Having been accused of ignoring the lack of universal support for new gTLDs in favor of virtue-signalling its support for multilingual domain names, ICANN has now insisted it is working on the problem.
ICANN chair Tripti Sinha said in a letter (pdf) published today that ICANN staff have been “actively engaging” with the software developer community on a “multitude of efforts” aimed at getting Universal Acceptance for all domain names.
She was responding to an October 2023 letter from .tube CEO Rami Schwartz, whose solo research last year uncovered the fact that many major app developers — including WhatsApp maker Meta — were relying on hard-coded TLD lists up to eight years old to validate domains.
This meant domains in the hundreds of TLDs that went live after November 2015 were not being detected as domains, and therefore not automatically “linkified” into clickable links, in many near-ubiquitous apps and web sites.
But Sinha insists that ICANN has been putting resources into the problem, including creating a “technical UA team” that is “actively engaging with technical organizations and communities, raising bug reports, as well as contributing open-source code where possible”.
The team has been participating in hackathons and conferences to push the UA message, she said, and has engaging in web sites such as Stack Overflow (where coders ask each other questions about tricky programming problems) to educate developers.
She named Meta and WordPress as software companies ICANN has been reaching out to directly.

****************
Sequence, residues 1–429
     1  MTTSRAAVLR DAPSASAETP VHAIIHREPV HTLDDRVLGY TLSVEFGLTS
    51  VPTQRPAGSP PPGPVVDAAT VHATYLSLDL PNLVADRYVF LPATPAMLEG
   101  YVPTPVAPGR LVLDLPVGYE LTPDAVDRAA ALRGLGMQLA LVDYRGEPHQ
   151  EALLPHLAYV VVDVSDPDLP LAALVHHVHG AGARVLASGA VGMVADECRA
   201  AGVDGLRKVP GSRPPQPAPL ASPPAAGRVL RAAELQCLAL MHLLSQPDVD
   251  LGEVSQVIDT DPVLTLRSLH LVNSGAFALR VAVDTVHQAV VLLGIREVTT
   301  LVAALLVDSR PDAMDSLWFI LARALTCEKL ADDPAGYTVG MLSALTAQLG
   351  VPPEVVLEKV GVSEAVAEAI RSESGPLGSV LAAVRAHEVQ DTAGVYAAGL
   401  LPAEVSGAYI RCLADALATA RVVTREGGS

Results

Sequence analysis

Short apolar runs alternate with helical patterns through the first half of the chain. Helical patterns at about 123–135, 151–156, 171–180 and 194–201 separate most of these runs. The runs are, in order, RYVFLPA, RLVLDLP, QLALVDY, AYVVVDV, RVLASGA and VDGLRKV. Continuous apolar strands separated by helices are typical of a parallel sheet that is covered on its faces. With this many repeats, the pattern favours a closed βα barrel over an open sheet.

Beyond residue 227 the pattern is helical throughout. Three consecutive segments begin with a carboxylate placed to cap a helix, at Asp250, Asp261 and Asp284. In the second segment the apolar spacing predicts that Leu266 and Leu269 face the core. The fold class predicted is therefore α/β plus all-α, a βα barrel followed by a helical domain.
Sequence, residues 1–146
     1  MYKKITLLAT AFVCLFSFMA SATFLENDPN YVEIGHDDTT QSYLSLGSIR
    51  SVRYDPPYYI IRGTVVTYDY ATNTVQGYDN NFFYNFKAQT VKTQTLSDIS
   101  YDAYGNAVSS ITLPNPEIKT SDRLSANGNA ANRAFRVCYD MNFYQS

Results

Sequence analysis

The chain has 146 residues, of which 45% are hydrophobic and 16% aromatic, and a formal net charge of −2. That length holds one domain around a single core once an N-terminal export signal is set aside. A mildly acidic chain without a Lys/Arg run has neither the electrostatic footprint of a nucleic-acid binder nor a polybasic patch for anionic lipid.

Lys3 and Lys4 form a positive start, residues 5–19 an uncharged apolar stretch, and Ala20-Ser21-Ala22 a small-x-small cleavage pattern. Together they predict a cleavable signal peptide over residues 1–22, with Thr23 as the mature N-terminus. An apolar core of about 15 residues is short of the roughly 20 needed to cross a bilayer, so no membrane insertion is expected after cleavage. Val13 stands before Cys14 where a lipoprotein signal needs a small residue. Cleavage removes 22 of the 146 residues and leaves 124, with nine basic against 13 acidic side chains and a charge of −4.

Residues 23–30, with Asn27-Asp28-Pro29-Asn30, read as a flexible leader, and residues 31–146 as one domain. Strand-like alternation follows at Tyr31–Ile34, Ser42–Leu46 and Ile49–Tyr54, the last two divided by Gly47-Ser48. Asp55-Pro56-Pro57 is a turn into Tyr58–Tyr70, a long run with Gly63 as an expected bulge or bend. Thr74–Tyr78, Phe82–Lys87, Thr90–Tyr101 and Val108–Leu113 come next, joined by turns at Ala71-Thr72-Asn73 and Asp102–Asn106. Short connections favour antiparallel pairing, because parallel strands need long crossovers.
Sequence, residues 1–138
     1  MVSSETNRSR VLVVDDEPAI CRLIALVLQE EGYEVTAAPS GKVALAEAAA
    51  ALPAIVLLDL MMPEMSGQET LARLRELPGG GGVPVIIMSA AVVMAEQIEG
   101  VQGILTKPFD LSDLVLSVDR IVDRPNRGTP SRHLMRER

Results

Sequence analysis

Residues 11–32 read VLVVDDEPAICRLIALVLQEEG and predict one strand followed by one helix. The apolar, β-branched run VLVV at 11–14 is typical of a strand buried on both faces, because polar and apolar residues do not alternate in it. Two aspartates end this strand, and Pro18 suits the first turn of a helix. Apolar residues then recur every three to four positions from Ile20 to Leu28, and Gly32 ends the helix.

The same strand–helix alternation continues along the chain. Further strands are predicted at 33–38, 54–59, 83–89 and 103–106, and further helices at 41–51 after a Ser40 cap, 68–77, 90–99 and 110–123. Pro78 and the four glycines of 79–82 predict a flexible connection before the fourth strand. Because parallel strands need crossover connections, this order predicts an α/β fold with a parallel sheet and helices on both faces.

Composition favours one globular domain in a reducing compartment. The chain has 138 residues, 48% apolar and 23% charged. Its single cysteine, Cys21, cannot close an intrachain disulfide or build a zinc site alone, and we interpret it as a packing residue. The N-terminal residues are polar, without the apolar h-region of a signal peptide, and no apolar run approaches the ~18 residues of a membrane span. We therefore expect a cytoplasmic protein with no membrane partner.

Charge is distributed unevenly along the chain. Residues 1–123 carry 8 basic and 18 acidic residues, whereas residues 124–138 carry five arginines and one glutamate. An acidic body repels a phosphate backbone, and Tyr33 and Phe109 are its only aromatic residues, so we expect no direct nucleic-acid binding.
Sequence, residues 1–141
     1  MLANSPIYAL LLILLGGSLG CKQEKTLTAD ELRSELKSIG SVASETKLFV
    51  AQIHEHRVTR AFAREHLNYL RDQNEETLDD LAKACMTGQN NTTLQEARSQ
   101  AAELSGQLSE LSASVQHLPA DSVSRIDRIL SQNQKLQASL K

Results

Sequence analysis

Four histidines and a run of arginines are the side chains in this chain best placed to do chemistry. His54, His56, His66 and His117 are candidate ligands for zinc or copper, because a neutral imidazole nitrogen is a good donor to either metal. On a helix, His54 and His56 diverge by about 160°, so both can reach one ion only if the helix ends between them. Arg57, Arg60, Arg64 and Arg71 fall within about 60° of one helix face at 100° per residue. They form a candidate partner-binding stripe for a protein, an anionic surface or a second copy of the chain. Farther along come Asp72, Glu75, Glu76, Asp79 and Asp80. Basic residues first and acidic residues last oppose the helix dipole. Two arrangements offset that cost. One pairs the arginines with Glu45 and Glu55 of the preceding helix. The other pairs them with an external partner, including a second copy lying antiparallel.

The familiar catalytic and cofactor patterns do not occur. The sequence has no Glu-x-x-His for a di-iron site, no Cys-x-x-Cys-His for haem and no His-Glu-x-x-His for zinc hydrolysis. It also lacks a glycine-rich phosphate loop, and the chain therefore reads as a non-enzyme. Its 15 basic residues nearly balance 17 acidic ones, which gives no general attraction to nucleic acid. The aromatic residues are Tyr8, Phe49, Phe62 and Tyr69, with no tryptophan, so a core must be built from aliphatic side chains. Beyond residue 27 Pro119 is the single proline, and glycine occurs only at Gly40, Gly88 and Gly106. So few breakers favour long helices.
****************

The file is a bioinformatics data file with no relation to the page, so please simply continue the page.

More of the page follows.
“The ICANN org team has been meeting with META and reported UA related issues to them, including linkification. The team has recently also reported the issues shared by you related to more recently delegated TLDs, including .TUBE,” she told Schwartz. “META continues to look into these issues and is making progress towards resolving them.”
She also pointed out that ICANN and the ICANN-funded Universal Acceptance Steering Group held a Universal Acceptance Day last year and will conduct another this year.
UA Day is actually dozens of individual events — over 50 last year — that took place across the world over the space of a couple of months. This year’s event appears to be equally diverse, with events taking place from March to May across many locations mainly in Asia, Africa and South America.
The UASG supplies PowerPoint presentations and videos to each event to use if they wish, but the focus is very much on the substantially trickier problem of UA for internationalized domain names — domains or email addresses that use non-Latin scripts or diacritics not present in ASCII — rather than the lower-hanging fruit of getting developers to update their TLD lists more frequently.
Even though there hasn’t been a new TLD delegation for a couple of years, there were still almost 30 TLDs deleted from the DNS root last year. The number of valid TLDs changes perhaps more frequently than many developers realize.
Walking down the street somewhere, I once saw a barbershop called “Every Six Weekly”. Crap brand, certainly, but the message lodged itself in my borderline autistic nerd brain — that’s how often society expects me to get my hair cut, every six weeks.
Maybe ICANN should try something like that.